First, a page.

A Brief History of York

From Arnold Jacobs: Song and Wind, by Brian Frederiksen, edited by John Taylor. Gurnee, Illinois: Windsong Press, Ltd., 1996 (used by permission):

James Warren York was born on November 24, 1839 in Exeter, New Hampshire. He first worked for the Boston Musical Instrument Manufactory, and in 1882 moved to Grand Rapids, Michigan, where he first played in a musical pit. He then owned his instrument manufacturing company until his retirement to California in 1917. He died in Los Angeles on February 9, 1927.York manufactured a full line of brass instruments, both under its own name and proprietary brand names.

York briefly participated in two partnerships, Smith and York (1883) and York and Holton (1885). In 1884 the company was known as J.W. York and Company. In recognition of his infant son, Charles E. York, he renamed the company York and Son in 1887.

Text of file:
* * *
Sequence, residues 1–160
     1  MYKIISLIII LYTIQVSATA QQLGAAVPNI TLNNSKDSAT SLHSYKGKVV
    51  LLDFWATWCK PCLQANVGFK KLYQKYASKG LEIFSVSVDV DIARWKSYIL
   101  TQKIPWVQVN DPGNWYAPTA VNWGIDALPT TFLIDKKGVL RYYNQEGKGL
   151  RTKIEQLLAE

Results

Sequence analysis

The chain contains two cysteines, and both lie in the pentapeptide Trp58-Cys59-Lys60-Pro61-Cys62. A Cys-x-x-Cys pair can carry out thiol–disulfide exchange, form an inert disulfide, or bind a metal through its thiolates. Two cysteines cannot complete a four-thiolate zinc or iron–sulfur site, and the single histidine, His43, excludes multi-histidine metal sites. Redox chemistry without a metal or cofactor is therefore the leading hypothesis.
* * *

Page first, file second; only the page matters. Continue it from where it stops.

York further changed the company name to York and Sons in 1898 to include his other son, Frank W. York. Both sons were active with the company until about 1913.In 1897, Alfred J. "Bill" Johnson became the company's foreman. In 1913, Johnson, along with John and James Duffy, formed a stockholding company, and when the York family relinquished all interest in 1926, Johnson became a co-owner. The company was then known as the York Band Instrument Company.

In December, 1940, York was sold to Carl Fischer Musical Instruments and Johnson left the company. During World War II the company manufactured munitions. After the war, York produced student-line instruments.In 1971, Tolchin Instrument Company, who then owned York, closed the factory. Proprietary rights were ultimately purchased in 1976 by Boosey and Hawkes.


Return to Table of Contents